Ohio Pro-Second Amendment Bill with Police Reforms Clears House but Democrats Protest the Measure

Ohio House passed a pro-Second Amendment bill that would help reduce the number of people shot by police for possessing a firearm during police encounters. House Bill 425 requires police officers to ask whether a concealed carry permit holder was armed instead of requiring them to “promptly” inform the police. The new bill will help reduce tensions, possible misunderstandings, and blame-shifting whenever a firearm is present during a police stop.


Currently, the language used in the law is vague because “promptly” informing a police officer is relative, and law enforcement agents could always claim that the armed person did not promptly notify them. Additionally, the way a citizen informs the police officer of a present firearm could be construed as a threat. It would also remove the penalty for a citizen for failing to notify an officer.


However, the Democrats were not happy with the measure and said it would endanger both the police and armed citizens. House Minority Leader Emilia Strong Sykes (D-Akron), said the bill would create a racial divide and put black lives at risk.


“House Bill 425 is not working with police. In fact, it’s pushing through something that makes them less safe on the job while potentially putting even more black lives at risk,” Sykes said.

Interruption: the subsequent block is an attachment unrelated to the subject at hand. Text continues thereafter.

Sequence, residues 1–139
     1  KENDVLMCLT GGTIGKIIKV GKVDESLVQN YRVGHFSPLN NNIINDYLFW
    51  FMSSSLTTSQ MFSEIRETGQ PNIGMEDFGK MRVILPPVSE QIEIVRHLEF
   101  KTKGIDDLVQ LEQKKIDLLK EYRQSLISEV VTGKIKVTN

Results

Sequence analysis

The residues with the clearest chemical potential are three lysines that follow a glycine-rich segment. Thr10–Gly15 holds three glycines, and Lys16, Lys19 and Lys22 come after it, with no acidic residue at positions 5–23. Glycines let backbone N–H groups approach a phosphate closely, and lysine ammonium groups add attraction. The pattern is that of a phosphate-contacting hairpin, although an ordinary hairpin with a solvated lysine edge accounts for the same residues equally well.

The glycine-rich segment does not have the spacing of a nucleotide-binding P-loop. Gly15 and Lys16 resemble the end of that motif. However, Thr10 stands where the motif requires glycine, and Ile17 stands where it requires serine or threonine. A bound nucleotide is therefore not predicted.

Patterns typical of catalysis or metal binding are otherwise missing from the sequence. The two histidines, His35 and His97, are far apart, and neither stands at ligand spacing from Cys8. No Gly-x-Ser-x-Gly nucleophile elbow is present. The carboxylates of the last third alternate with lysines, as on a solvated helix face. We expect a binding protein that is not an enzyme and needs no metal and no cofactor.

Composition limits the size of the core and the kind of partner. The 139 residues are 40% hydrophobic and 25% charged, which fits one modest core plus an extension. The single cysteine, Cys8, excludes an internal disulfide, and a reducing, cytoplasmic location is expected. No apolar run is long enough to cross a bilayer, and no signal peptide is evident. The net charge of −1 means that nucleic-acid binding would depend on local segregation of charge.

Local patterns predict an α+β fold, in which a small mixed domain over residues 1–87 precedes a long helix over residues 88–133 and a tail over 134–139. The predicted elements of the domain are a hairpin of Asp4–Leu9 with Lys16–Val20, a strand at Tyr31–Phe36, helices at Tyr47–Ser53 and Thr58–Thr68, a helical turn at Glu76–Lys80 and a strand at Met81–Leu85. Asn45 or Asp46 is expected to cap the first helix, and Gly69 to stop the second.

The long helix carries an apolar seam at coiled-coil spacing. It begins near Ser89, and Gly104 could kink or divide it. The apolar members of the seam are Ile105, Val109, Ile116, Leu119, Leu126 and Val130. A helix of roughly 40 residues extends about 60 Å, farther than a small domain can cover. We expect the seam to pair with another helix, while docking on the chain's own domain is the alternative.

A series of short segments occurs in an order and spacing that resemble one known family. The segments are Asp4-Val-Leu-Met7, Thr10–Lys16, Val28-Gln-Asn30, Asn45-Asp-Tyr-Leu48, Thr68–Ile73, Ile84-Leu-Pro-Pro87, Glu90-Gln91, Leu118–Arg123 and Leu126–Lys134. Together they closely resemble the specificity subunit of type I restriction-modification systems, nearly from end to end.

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It is not surprising for Democrats to play the race card even on an issue supposed to protect the same group of people they purport to defend. The law guarantees the safety of the citizens, especially those allegedly targeted by police. It eliminates the possibility of officers unnecessarily shooting citizens and claiming a firearm was present, and the subject failed to notify the police promptly. It brings more accountability on the part of the police instead of placing a disputable requirement on the civilian.

Rep. Joe Miller (D-Amherst), said the bill introduced a conflict between civilians and the police.


“This bill does not correct an unconstitutional policy, nor does it increase the safety of our citizens or peace officers,” Miller said. “Now is the time to bring unity rather than division.”


However, Rep. Scott Wiggam (R-Wooster), said “promptly” notifying an officer was controversial and vague, and therefore, prone to misinterpretation by different officers.


Many things could go wrong in the process of notifying an officer. A citizen could forget to make the announcement, or the officer could fail to hear or register it. The time between the stop and making the announcement could also be disputed whether it was “promptly enough.” This law makes reforms on how the police should deal with civilians, but who would have thought that Democrats did not support police reforms?


For them, it is just another opportunity to politick instead of prioritizing the safety of civilians by supporting the bill. They need more people shot by police so they could scream “racism” and have a course to rally citizens to the ballot to elect them as the messiahs. Fortunately, the bill heads to the Senate where it is likely to receive bipartisan support.

Meanwhile, Lt. Gov. Dan Patrick is pushing universal background checks in our state, and if left unchecked, it will not be long until we see bills like this getting traction in Austin. Texas is embarrassingly ranked 29th for gun rights, and with the help of the political elites in Austin, we will surely rank among New York, California, and Illinois if left to their own devices. Please join our fight today, and help us restore Texas' place as the standard for the U.S.


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